When Facebook, Instagram and WhatsApp went through a six-hour outage on Monday, your immediate reaction was probably based on two things: where you live, and where your family lives.
For those based in the so-called “Global North”—a squishy socio-economic phrase that encompasses countries like the United States and Canada—the news likely came as a relief. You may know Facebook as an awful site with awful design that’s full of awful people, and the less time anyone spends on it the better. But if you live in a place like Brazil, Uganda, or any other country in the “Global South,” Facebook’s services aren’t just apps where your weird uncle goes to share Trump memes. In fact, they’re not apps at all. They’re utilities. They’re communication and commerce, newspapers and yellow pages, all at once. So when all of that goes down in one fell swoop, you’re not relieved. You’re panicked. And if you have loved ones on the other side of that North/South divide, they’re probably panicked, too.
As someone who’s straddling that divide to keep in touch with my own family back in Israel—a country that’s considered in the Global North but where roughly 90% of citizens have WhatsApp downloaded onto their phones—I can confirm that we’re also kinda tired. We’re tired of trying to get our cousins on board with any of the other apps available for messaging overseas, and tired of realizing every time that it’s simply infeasible. An economist might say that the social costs involved with switching are too damn high, but I think there’s a simpler way to put it: When your entire life is on a bundle of apps, cutting those apps out of your life is like a virtual surgery.
The thing is, nobody seems to know why their lives are on these apps in the first place.
As it turns out, the “why” is… complicated. The Global South encompasses dozens of countries across multiple continents, and so we can’t feasibly cover every unique stew of socioeconomic and cultural issues that resulted in each of them being chained to a handful of apps. But if you take a step back and squint hard enough, what becomes clear is that Facebook was never the villain here. (Or, at least, it’s not the villain you might think it is.) Phone companies are.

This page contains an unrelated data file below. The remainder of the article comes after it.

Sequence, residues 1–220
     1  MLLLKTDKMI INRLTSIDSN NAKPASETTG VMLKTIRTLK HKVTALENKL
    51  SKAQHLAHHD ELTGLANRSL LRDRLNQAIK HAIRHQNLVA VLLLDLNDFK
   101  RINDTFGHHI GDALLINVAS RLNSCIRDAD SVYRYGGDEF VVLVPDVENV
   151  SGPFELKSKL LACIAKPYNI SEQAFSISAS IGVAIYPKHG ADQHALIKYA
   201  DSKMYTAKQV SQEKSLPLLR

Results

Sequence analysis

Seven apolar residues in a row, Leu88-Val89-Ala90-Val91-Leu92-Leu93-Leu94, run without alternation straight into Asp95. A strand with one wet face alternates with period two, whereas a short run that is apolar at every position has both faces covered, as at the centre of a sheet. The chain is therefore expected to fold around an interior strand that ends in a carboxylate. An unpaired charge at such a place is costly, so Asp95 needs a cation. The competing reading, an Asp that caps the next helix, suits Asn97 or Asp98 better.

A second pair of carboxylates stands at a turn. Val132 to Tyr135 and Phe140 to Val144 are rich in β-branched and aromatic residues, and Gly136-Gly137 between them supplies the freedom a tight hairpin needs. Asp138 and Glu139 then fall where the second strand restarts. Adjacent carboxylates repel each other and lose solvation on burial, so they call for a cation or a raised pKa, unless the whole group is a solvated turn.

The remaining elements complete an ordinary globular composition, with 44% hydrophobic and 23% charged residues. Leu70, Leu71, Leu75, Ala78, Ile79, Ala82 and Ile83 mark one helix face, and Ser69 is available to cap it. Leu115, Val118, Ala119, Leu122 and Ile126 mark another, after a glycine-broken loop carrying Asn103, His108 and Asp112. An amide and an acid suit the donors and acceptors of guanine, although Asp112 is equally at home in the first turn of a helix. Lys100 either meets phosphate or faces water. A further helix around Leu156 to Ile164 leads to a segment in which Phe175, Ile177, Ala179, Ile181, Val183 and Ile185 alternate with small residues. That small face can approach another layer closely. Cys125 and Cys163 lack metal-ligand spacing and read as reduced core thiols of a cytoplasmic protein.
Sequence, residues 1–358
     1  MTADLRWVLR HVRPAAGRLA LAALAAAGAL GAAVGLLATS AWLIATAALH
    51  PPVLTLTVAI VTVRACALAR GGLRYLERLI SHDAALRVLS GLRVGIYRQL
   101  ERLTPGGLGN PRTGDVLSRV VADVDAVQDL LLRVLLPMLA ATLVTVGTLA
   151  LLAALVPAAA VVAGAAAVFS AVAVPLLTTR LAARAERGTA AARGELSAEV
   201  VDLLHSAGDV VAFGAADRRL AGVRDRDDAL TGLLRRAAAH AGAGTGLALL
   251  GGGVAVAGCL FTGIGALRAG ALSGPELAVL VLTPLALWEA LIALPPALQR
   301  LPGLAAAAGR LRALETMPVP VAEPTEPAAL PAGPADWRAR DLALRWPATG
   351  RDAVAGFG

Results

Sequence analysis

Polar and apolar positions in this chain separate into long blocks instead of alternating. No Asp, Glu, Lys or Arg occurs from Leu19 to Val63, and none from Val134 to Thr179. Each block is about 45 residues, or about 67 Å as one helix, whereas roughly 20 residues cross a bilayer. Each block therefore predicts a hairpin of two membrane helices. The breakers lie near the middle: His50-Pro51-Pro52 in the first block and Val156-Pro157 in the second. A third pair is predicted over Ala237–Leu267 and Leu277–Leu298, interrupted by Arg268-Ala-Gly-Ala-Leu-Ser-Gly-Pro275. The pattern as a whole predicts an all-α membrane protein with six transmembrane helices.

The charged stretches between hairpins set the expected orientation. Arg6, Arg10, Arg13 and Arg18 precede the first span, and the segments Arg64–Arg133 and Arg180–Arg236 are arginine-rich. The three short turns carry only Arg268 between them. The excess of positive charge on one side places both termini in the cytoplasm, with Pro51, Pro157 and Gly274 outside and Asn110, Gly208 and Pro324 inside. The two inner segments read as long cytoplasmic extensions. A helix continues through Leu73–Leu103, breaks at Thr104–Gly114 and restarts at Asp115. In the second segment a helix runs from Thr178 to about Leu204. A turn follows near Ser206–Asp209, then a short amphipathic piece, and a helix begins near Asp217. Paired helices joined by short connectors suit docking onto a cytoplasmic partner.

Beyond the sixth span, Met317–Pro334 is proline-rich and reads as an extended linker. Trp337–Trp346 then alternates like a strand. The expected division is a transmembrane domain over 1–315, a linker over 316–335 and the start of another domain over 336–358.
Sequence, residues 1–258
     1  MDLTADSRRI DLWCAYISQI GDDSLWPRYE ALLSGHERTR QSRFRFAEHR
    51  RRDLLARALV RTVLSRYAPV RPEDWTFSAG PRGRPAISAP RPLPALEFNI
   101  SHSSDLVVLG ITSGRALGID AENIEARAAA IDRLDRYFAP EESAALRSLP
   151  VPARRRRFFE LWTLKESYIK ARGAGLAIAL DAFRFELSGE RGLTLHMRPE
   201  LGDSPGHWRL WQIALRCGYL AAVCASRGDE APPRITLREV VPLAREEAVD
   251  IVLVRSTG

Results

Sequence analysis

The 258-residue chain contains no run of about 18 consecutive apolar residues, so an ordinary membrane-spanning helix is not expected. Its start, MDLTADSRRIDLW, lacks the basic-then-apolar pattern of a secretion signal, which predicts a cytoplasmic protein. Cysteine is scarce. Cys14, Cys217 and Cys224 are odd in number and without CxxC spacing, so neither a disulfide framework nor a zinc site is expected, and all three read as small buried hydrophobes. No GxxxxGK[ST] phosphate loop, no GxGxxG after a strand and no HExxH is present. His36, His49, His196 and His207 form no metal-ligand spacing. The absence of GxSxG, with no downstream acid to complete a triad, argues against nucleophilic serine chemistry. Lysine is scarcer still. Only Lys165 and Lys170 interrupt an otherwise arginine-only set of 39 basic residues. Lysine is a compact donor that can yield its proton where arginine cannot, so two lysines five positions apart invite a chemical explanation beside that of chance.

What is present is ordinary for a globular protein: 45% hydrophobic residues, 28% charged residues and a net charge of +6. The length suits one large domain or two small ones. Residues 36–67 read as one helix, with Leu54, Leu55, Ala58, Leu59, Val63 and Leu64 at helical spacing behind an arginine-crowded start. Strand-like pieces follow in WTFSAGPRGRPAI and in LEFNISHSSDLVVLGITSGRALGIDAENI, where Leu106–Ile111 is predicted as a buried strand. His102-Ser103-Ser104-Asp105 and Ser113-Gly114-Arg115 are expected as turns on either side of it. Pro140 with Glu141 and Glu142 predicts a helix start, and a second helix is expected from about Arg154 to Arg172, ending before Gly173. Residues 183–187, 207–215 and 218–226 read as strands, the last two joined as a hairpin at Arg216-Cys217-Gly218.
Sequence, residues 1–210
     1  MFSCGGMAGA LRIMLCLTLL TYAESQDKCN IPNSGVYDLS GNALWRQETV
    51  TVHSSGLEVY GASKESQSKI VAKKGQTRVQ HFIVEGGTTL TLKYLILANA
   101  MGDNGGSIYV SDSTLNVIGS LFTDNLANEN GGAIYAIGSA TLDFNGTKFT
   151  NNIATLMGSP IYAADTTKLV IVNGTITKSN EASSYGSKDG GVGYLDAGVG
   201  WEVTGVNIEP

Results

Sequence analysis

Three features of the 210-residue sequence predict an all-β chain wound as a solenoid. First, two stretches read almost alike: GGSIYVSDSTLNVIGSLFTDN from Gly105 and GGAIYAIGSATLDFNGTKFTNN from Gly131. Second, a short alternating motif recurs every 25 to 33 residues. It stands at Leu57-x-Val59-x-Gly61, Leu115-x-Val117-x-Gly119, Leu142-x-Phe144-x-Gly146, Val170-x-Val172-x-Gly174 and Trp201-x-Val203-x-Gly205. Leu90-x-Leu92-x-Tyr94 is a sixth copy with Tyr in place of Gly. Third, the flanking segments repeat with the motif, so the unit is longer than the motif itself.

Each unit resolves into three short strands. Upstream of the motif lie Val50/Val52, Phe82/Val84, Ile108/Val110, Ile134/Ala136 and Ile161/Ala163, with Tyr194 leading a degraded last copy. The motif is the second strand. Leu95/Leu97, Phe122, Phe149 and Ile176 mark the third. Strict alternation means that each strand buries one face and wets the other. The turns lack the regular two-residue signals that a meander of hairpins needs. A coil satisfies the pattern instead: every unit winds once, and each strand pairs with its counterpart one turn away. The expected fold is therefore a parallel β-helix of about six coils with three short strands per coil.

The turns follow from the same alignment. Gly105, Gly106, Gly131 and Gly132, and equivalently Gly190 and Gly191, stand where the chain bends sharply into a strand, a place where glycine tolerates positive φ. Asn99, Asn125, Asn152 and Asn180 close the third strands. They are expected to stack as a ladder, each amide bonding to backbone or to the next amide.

Experience Next-Level Sound
Spatial audio with dynamic head tracking provides theater-like sound that surrounds you
Market researchers here in North America will often talk about the “mobile-first” generation when talking about Gen-Z, which is a polite way of saying that teens and tweens are pretty much glued to their phones all the damn time. But in the developing world, it’s not a matter of mobile-first—it’s mobile-only. In countries like India, Indonesia, and Brazil, cellphones are often people’s only way to access the internet. The same goes for the vast majority of sub-Saharan Africa, where close to 50% of citizens have access to some sort of mobile device when only a fraction have any hope of owning an at-home computer of any kind. In a 2019 Pew Research survey of 11 different emerging markets—including Kenya, Columbia, and the Philippines—54% of the web surfers surveyed said they were using the internet without any access to a computer or tablet at home. That same year, the number of mobile-only young adults in the U.S. topped out at 22% (and among older adults, that number was closer to 12%).
Again, lotta countries, so a lotta reasons why this is the norm. But overall, it boils down to what you probably already know: cellphones are generally cheaper than laptops and tend to hold a charge better, too—especially if you’re using a flip phone or bar phone, as many in these regions do. And when you’re potentially stuck in a region with spotty access to basic electricity, you need all the battery life you can get.